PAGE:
Browse All Species

Our model predicts that 314 North American bird species are seriously threatened by climate change by the end of this century. We have separated those 314 species into two groups: climate threatened (may lose over 50% of its current range by 2080) and climate endangered (may lose over 50% of its current range by 2050).

American Dipper
American Golden-Plover
American Kestrel
American Pipit
American Redstart
American Woodcock
Ancient Murrelet
Baltimore Oriole
Band-tailed Pigeon
Barn Owl
Bay-breasted Warbler
Bell's Vireo
Bendire's Thrasher
Black Tern
Black Vulture
Black-and-white Warbler
Black-backed Woodpecker
Black-bellied Plover
Black-billed Cuckoo
Black-capped Vireo
Black-chinned Hummingbird
Black-chinned Sparrow
Black-crested Titmouse
Black-headed Grosbeak
Black-legged Kittiwake
Black-throated Blue Warbler
Black-throated Gray Warbler
Black-throated Green Warbler
Blackburnian Warbler
Blackpoll Warbler
Blue-winged Teal
Blue-winged Warbler
Brewer's Blackbird
Brewer's Sparrow
Broad-winged Hawk
Bronzed Cowbird
Brown-capped Rosy-Finch
Bullock's Oriole
Calliope Hummingbird
Canada Warbler
Cape May Warbler
Caspian Tern
Cassin's Auklet
Cassin's Finch
Cave Swallow
Cerulean Warbler
Chestnut-sided Warbler
Clapper Rail
Clay-colored Sparrow
Common Goldeneye
Common Merganser
Common Raven
Common Redpoll
Common Tern
Connecticut Warbler
Cordilleran Flycatcher
Crested Caracara
Double-crested Cormorant
Dusky Flycatcher
Dusky/Sooty Grouse
Emperor Goose
Eurasian Wigeon
Evening Grosbeak
Fish Crow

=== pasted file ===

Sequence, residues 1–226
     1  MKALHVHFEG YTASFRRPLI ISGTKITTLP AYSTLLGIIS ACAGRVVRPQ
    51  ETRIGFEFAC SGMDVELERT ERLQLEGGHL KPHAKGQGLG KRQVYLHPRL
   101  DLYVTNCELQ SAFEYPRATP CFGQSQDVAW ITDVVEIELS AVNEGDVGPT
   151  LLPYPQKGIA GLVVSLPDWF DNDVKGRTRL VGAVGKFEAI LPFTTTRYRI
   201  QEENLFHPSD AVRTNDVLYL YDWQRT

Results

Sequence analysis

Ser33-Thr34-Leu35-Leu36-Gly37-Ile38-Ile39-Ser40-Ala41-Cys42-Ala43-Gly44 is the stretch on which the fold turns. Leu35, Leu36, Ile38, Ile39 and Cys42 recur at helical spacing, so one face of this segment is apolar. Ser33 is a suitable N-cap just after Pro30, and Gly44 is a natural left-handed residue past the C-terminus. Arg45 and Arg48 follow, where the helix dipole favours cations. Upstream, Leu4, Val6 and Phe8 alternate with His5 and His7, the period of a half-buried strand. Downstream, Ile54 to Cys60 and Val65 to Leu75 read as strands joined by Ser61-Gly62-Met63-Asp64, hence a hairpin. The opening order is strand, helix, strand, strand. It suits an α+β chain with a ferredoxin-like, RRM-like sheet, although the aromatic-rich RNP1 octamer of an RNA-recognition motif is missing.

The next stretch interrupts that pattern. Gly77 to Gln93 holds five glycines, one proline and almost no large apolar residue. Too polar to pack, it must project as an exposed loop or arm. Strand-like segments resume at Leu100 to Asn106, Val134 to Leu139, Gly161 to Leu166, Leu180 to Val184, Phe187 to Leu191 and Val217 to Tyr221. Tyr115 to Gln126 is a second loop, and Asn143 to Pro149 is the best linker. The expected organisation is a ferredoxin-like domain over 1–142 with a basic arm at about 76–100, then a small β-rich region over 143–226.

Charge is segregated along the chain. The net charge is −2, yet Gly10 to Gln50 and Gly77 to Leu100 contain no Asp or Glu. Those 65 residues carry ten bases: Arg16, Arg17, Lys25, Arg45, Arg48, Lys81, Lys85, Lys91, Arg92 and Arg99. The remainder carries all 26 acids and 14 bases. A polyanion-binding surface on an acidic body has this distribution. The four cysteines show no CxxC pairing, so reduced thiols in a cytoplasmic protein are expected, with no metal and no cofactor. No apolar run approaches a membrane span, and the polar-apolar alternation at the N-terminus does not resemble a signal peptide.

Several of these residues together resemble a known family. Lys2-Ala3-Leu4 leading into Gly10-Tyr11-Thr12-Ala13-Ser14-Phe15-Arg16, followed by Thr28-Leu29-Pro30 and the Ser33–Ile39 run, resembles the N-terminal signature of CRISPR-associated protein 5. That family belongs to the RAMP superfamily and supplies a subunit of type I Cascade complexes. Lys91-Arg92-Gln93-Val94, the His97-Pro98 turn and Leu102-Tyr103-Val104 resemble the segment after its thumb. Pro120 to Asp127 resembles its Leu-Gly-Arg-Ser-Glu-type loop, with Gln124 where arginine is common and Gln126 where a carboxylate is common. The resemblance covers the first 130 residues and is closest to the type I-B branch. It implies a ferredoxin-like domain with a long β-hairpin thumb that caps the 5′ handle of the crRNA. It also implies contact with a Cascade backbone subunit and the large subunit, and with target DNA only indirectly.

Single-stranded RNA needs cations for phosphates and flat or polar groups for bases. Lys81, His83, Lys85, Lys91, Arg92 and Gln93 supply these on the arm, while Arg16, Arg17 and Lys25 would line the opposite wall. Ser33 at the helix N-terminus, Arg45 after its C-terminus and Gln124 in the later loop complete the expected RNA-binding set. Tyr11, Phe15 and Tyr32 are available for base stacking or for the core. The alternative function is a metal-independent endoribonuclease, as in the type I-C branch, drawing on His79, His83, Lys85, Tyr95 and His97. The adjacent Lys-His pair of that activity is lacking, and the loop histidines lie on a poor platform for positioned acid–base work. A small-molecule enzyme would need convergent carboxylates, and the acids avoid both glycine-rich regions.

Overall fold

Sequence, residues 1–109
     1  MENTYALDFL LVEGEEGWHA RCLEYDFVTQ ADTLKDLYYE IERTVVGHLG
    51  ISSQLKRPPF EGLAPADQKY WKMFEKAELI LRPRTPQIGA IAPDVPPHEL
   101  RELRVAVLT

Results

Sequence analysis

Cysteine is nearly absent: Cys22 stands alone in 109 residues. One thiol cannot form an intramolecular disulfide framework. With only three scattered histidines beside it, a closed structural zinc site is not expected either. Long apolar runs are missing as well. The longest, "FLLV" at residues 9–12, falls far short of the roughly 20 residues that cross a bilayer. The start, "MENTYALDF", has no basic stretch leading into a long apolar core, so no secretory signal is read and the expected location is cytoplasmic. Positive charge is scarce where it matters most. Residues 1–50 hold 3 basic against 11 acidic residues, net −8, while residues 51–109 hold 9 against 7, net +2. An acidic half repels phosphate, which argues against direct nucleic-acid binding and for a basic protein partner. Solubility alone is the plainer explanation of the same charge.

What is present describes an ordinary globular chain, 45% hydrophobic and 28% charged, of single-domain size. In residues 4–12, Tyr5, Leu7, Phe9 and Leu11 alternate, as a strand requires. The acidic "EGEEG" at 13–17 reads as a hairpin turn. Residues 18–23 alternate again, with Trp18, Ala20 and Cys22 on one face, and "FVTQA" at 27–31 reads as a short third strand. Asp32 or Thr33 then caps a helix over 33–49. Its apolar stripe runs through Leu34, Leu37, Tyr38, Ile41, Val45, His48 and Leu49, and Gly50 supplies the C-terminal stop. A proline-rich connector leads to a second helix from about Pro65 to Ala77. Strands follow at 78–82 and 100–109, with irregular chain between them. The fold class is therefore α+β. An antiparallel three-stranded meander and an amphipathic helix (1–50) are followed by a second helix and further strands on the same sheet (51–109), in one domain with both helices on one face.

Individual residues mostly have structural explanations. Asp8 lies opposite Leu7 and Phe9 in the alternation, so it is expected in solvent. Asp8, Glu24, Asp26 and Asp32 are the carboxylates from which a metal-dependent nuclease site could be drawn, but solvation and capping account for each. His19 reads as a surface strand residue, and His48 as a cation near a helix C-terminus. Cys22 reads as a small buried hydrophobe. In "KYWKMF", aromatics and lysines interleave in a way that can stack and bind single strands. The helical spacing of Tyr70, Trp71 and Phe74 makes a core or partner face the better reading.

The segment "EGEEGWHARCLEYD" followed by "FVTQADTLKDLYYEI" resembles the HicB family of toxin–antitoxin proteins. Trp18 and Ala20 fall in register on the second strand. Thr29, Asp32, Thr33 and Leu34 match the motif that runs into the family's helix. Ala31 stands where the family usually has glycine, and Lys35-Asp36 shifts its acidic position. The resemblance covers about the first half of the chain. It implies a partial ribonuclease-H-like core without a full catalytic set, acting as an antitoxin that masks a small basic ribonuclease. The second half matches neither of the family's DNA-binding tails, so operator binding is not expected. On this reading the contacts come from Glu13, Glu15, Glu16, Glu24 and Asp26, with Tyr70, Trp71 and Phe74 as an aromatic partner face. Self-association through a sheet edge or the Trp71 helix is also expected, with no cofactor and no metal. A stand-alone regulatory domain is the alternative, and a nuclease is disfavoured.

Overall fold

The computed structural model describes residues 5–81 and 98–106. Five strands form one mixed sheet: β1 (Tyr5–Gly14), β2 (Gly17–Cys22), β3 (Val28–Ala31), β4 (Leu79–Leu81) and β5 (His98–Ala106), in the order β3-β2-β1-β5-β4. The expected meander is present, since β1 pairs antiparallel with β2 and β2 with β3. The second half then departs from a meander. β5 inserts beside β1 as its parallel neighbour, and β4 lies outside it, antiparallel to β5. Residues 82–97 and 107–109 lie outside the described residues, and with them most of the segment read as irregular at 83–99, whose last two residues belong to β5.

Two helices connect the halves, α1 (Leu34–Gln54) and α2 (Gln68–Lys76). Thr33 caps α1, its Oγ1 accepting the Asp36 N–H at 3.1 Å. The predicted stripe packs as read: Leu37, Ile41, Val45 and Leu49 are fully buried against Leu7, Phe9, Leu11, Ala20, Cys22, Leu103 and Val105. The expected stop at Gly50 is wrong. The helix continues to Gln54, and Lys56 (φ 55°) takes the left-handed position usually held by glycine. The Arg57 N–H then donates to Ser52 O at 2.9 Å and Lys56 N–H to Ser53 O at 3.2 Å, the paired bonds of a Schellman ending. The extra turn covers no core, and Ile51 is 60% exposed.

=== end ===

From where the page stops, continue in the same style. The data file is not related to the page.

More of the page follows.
Florida Scrub-Jay
Forster's Tern
Franklin's Gull
Gila Woodpecker
Gilded Flicker
Glaucous-winged Gull
Glossy Ibis
Golden-crowned Kinglet
Golden-fronted Woodpecker
Golden-winged Warbler
Gray Flycatcher
Gray Vireo
Gray-cheeked Thrush
Great Black-backed Gull
Greater White-fronted Goose
Greater Yellowlegs
Hairy Woodpecker
Hammond's Flycatcher
Henslow's Sparrow
Hepatic Tanager
Hermit Thrush
Hooded Oriole
Hooded Warbler
House Finch
Juniper Titmouse
King Eider
Kittlitz's Murrelet
Lawrence's Goldfinch
Le Conte's Thrasher
Least Flycatcher
Least Grebe
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Lesser Prairie-Chicken
Lesser Scaup
Lewis's Woodpecker
Louisiana Waterthrush
Magnolia Warbler
Mangrove Cuckoo
Marsh Wren
Mexican Jay
Mississippi Kite
Montezuma Quail
Mountain Bluebird
Mountain Chickadee
Mountain Plover
Mountain Quail
Mourning Warbler
Nashville Warbler
Northern Fulmar
Olive Warbler
Orchard Oriole
Pacific-slope Flycatcher
Painted Redstart
Peregrine Falcon
Philadelphia Vireo
Pigeon Guillemot
Pine Siskin
Pinyon Jay
Purple Finch
Purple Sandpiper
Red-breasted Nuthatch
Red-breasted Sapsucker
Red-cockaded Woodpecker
Red-faced Warbler
Red-throated Loon
Reddish Egret
Rhinoceros Auklet
Rock Sandpiper
Roseate Spoonbill
Rufous-crowned Sparrow
Rusty Blackbird
Sage Thrasher
Sandhill Crane
Scarlet Tanager
Sedge Wren
Snowy Owl
Snowy Plover
Solitary Sandpiper
Spotted Sandpiper
Stilt Sandpiper
Swallow-tailed Kite
Swamp Sparrow
Tennessee Warbler
Thayer's Gull
Thick-billed Murre
Townsend's Warbler
Tree Swallow
Tricolored Blackbird
Vesper Sparrow
Violet-green Swallow
Virginia's Warbler
Western Bluebird
Western Screech-Owl
Western Tanager
White-breasted Nuthatch
White-crowned Pigeon
White-tailed Hawk
White-tailed Kite
White-throated Sparrow
White-throated Swift
White-winged Crossbill
Whooping Crane
Wild Turkey
Willow Flycatcher
Wilson's Plover
Wilson's Warbler
Winter/Pacific Wren
Wood Duck
Wood Stork
Wood Thrush
Worm-eating Warbler
Yellow-bellied Flycatcher
Yellow-bellied Sapsucker
Yellow-throated Vireo
Yellow-throated Warbler
Zone-tailed Hawk

You Can Help

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Thank you for pledging to help save the birds most at risk from global warming. But we need everyone’s help–and soon.

Share this urgent message with your friends and family. Tell them why these at-risk birds are so important to you, and ask them to pledge to do their part, too.

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